Cyprus Mail

Varosha, Turkey front and centre as Turkish Cypriots go to the polls


Turkish Cypriots go to the polls on Sunday to elect their new leader with the latest development at Varosha weighing on people’s minds, possibly forcing other issues into the backseat.

It is widely admitted that the opening, just days before the elections, of part of Varosha, fenced-off since August 1974 when it was abandoned by its inhabitants, had been an Ankara-backed PR stunt to boost ‘prime minister’ Ersin Tatar.

Not that Turkey will not go ahead with its plans to open more areas of the town, as it had announced in the past, but the move could also act as the kiss of death to Tatar, as many Turkish Cypriots appeared to disapprove of the decision.

Incumbent leader Mustafa Akinci opposed the opening up of Varosha beach, openly defying Ankara. He has also spoken against seeking solutions other than the bicommunal, bizonal federation being discussed for decades.

Tatar and Kudret Ozersay who resigned as ‘deputy prime minister’ this week are pressing for alternative solutions to the Cyprus problem.

Akinci had also gone against Turkey’s wishes during talks in 2017 when he submitted a map with territorial concessions.

Akinci, who is running for a second term, reportedly said in a TV interview that in his 45 years in politics, he has never seen so much intervention by Turkey.

He reportedly said Turkey’s embassy in the north has been turned into a campaign team rallying against him.

He added that deputies of the Turkish ruling party AKP and of the far-right Nationalist Movement Party (MHP) have been touring villages, campaigning against him.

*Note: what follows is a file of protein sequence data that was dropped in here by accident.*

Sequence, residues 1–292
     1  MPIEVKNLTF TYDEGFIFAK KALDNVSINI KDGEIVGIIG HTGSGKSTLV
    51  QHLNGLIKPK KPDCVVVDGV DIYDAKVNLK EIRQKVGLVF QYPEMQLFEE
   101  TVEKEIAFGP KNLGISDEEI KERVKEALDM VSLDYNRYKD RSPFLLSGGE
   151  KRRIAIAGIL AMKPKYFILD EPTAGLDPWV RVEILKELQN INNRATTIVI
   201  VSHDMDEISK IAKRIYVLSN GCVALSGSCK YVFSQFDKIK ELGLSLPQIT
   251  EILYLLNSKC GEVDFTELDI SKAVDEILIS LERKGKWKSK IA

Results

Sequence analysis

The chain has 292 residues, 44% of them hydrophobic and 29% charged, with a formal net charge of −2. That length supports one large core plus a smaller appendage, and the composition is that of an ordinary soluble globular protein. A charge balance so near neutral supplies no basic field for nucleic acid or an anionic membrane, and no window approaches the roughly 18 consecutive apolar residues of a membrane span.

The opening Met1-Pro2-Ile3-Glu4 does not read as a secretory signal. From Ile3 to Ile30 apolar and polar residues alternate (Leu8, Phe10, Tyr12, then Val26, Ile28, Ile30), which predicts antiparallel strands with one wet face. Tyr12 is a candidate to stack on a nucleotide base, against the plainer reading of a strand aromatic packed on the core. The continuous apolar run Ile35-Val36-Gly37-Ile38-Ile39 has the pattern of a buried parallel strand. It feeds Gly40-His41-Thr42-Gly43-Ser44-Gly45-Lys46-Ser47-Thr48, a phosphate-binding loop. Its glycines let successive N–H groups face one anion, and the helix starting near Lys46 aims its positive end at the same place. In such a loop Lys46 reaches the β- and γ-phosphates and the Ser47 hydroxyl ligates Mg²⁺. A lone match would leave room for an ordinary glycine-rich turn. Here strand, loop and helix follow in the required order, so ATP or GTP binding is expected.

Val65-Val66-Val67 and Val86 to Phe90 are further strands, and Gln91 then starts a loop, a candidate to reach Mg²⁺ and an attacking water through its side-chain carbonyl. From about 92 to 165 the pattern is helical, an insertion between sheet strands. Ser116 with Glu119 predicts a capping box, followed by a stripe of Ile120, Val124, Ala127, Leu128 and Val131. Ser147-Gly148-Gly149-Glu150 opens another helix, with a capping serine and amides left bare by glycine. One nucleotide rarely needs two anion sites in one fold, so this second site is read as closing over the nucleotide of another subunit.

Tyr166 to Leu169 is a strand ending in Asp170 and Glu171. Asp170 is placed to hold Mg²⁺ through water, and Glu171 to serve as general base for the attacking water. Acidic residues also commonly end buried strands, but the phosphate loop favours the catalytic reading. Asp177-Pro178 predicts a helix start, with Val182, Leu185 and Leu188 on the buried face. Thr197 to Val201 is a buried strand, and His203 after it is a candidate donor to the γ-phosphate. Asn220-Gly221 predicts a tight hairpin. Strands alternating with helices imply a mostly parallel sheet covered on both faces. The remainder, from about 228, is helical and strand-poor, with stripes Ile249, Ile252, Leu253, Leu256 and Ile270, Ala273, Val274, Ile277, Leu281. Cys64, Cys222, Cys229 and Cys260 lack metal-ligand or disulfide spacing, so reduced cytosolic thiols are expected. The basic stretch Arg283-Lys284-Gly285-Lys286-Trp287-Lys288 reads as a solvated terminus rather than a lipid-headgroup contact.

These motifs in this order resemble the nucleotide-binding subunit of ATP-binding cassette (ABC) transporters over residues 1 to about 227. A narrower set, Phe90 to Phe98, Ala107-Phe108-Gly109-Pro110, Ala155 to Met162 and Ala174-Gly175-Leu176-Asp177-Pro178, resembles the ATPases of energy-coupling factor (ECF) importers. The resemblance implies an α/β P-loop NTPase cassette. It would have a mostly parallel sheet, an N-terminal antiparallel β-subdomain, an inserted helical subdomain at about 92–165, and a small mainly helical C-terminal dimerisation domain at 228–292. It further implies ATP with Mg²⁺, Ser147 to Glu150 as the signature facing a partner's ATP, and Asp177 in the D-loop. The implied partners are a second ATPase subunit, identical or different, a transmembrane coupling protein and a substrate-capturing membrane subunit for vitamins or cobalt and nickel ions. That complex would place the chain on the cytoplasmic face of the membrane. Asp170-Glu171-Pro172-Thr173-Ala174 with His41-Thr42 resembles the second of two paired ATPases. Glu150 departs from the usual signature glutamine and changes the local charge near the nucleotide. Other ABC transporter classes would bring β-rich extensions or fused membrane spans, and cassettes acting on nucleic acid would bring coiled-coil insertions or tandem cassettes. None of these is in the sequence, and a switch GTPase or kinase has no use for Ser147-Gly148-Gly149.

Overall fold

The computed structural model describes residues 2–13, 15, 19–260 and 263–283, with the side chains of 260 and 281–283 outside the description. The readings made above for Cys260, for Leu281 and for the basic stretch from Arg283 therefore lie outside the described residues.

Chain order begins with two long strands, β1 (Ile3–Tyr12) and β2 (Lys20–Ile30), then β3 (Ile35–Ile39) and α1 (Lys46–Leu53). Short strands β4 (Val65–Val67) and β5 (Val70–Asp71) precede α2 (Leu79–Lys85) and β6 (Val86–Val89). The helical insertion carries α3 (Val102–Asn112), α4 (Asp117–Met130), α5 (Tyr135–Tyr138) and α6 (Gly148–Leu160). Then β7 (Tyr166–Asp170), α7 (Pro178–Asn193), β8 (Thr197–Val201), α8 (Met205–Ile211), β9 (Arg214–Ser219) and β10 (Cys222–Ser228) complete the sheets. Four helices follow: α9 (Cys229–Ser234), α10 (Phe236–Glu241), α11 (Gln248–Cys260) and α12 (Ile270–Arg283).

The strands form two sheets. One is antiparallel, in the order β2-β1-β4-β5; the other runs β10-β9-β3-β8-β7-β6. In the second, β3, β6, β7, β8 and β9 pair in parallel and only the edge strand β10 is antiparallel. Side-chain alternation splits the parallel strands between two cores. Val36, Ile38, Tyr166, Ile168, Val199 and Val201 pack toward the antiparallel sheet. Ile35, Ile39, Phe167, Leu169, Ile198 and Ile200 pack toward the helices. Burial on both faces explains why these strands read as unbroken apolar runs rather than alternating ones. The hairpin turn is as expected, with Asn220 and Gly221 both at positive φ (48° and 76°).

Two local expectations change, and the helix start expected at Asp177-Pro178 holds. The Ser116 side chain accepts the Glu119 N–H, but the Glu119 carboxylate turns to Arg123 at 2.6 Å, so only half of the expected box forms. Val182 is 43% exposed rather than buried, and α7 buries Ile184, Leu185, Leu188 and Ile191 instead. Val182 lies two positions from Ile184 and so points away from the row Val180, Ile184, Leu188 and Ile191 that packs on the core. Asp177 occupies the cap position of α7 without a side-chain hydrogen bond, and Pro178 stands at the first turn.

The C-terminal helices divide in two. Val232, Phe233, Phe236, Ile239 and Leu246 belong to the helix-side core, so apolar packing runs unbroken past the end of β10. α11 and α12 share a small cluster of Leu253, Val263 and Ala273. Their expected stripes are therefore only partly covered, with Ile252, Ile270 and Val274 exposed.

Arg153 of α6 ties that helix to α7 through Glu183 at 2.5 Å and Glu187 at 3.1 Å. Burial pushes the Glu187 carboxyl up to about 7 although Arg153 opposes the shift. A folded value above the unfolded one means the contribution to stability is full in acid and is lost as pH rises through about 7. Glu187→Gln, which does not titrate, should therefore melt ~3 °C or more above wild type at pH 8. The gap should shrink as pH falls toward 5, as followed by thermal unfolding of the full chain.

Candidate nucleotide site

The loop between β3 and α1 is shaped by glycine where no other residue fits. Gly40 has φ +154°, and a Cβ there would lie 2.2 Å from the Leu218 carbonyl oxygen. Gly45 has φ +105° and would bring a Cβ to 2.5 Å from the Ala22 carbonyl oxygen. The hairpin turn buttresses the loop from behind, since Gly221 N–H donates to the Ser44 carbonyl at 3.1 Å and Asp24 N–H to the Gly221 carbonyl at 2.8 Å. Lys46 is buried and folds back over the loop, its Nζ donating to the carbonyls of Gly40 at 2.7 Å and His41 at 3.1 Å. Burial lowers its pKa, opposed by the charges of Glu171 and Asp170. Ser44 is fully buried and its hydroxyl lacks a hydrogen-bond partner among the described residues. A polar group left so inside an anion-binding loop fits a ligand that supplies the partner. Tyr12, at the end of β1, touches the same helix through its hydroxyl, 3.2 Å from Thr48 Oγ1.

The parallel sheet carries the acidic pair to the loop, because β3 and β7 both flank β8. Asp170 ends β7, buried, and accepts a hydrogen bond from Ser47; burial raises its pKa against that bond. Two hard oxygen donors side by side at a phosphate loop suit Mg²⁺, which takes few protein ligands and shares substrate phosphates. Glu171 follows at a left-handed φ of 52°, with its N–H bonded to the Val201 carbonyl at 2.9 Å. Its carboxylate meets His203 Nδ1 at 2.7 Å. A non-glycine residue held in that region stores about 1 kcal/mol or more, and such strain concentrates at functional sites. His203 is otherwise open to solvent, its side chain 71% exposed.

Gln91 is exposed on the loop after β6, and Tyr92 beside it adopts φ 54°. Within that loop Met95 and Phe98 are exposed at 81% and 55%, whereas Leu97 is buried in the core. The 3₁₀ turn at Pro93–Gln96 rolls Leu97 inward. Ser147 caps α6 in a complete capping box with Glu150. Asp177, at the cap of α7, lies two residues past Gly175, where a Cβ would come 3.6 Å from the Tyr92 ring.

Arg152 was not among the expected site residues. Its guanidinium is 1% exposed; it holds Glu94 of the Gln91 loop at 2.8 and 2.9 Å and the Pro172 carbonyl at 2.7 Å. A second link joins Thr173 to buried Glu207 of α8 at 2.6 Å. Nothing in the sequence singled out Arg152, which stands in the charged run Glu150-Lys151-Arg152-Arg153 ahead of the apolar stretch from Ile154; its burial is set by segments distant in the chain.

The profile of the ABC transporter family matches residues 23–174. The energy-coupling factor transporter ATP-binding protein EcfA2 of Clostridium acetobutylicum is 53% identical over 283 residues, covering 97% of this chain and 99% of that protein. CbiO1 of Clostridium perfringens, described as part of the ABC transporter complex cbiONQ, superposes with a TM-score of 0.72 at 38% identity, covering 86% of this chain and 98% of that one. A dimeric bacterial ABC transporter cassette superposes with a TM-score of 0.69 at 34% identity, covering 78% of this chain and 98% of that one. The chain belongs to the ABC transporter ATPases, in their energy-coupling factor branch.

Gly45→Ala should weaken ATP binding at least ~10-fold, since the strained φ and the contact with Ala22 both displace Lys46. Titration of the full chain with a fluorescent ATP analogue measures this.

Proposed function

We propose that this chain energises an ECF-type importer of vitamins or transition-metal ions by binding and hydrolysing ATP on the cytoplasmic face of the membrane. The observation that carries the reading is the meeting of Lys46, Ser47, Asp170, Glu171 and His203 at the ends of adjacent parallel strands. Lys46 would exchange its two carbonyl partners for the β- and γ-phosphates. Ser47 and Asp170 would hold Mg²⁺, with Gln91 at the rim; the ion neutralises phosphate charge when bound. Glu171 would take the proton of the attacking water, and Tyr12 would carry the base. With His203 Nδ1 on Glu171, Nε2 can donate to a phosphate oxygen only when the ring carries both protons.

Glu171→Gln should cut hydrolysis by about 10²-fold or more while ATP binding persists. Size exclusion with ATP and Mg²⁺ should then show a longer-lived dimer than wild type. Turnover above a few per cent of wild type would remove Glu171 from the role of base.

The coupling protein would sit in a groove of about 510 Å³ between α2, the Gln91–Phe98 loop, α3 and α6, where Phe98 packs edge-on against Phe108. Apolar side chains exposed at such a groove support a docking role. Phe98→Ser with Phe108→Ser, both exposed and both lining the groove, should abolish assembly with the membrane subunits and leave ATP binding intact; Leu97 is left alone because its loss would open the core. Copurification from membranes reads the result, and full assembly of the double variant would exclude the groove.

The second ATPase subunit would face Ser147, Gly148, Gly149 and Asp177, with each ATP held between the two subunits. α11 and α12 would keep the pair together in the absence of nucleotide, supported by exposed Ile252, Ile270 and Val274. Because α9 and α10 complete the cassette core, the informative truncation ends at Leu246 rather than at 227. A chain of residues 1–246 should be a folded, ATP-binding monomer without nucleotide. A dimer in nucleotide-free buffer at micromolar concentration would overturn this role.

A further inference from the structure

Akinci also said pressure is being exerted on businesspeople either through threats or promises, while pressure has also been exerted for the withdrawal of candidacies.

On Friday evening, in the last debate ahead of the elections, Akinci revealed that he had even been ‘advised’ to withdraw his candidacy some three weeks ago.

He said the advice came from someone who works for Turkish intelligence during a meeting with his undersecretary.

The man had told the undersecretary to pass on the message to Akinci to withdraw his candidacy “for his own good and that of the people close to him, the country, and the motherland”.

Akinci said this was a clear threat.

The Turkish Cypriot leader said this had happened in the past with other politicians “and that is why I consider it a historical duty” for these to come out. “Everybody must learn about this.”

He also said that his email account and that of three other people close to him had been hacked but although he knew the perpetrators, he did not give any details.

Independent candidate Serdar Denktash in a TV interview also said intervention is taking place and has called for joint action against such activity.

He said the rhetoric is along the lines of ‘if you believe in the state, vote for such and such, if you consider these lands as a homeland, vote for such and such.’

The latest stunt in Varosha has forced other issues, considered important at the time, into the backseat.

Case in point was the handling of the pandemic by the Turkish Cypriot authorities. Though doing well in the spring, the situation seemed to get out of control for a while in recent months, after flights and ferries from Turkey restarted, importing the virus along with the passengers.

The virus itself and fear of getting infected could also be a decisive factor if enough people choose to remain in the safety of their homes.

Poll centres for the elections will be open between 8am and 6pm on Sunday. The results are expected to be announced at around 10pm.

In case none of the candidates garners over 50 per cent of votes, a second round will be held on Sunday, October 18.

Voters will also be called to take part in a referendum if they agree to ‘constitutional’ changes on the increase of the number of supreme court judges.

Eleven candidates are running, seven independents and four backed by parties.

Voters have been asked to observe the protocols against the spread of coronavirus such as social distancing and use of masks. They will be given disposable gloves at the polling stations.


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